Now, the spirituality side, sure you’re going to have people that have theological differences who are going to have, you know, some animus from the different religions, but that’s not what you’re really talking about. The criticism of Christians and the effort to get rid of all Christian symbols such as the nativity scene and Christmas trees or these sorts of things, anything associated with the tradition and traditions of the religion is brought about because of a fear, I think, of Christians culturally. This is why it’s perfectly okay for certain religious people to run for office and to get elected and to even utilize their religious beliefs, but it is not okay to, say, Pat Robertson or anybody else who happens to be Christian, to want to serve in public office because it is feared they will take their religious beliefs and then here comes this misnomer of separation of church and state as a reason to disqualify them which is also something that’s been bastardized and undefined as well as mis-defined over the years. I think it’s really no more complicated than that, and it, by the way, doesn’t just extend to Christians. It will extend to anybody who is firm in their beliefs.

One of the things I’ve found just over the course of my little life interacting with people is that it’s said that I am controversial, it’s said that I am ridged and intolerant and so forth, that people who don’t even know me issue these blanket accusations, and I have discovered it’s simply because I’m confident of what I believe, and a lot of people aren’t, and a lot of people are intimidated by somebody or other people who are confident, is confident what he or she believes. That’s just foreign to them.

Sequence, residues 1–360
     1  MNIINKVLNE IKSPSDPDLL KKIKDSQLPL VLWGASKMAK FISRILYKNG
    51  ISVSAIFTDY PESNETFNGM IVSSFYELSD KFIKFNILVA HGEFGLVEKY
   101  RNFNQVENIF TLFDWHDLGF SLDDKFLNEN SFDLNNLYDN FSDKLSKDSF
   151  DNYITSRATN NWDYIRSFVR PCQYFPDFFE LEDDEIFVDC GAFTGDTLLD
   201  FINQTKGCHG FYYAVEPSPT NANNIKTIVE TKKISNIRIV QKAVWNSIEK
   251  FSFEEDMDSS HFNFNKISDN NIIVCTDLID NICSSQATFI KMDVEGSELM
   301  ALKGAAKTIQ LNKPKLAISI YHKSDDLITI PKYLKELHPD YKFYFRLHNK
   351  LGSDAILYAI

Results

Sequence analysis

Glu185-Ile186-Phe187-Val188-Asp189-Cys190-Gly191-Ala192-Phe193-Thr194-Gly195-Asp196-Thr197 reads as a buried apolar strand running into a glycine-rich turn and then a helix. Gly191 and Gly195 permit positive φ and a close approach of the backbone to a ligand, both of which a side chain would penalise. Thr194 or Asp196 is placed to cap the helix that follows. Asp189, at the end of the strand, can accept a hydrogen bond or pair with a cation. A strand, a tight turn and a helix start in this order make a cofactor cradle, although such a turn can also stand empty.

You have to understand, in our culture today, the emphasis is on not taking a stand. I mean there is genuine fear in this country over taking a stand on things, there’s a genuine fear of offending somebody, there’s a genuine fear of saying the wrong thing at the wrong time, at the wrong place, somebody might hear it, and you might get criticized or you might offend somebody or you might get into some sort of trouble, so that the societal pressure is all about neutering people’s decisiveness, neutering people’s firm stand on things, issues and ideas, and this is now considered enlightened; it is considered educated; it’s considered almost intellectual to have an open mind and not have firm ideas on things. The way you rationalize it, well, I wait to hear all of the information, all three sides or both sides of the issue, before I make up my mind. I do not have a closed mind.

So, you see, someone with definite opinions on things is also said to be closed-minded. And a lot of people just don’t want to go through life being accused of that, so they don’t tell people what they really think. Well, Christians do. Christians are very blunt and very open about what they believe, and what they think is right and wrong. And I’m telling you, people just don’t want to be confronted with it, and so the people who engage in that sort of belief system and behavior are always going to be the ones who have rocks thrown at them. It’s always been that way, and it always will be.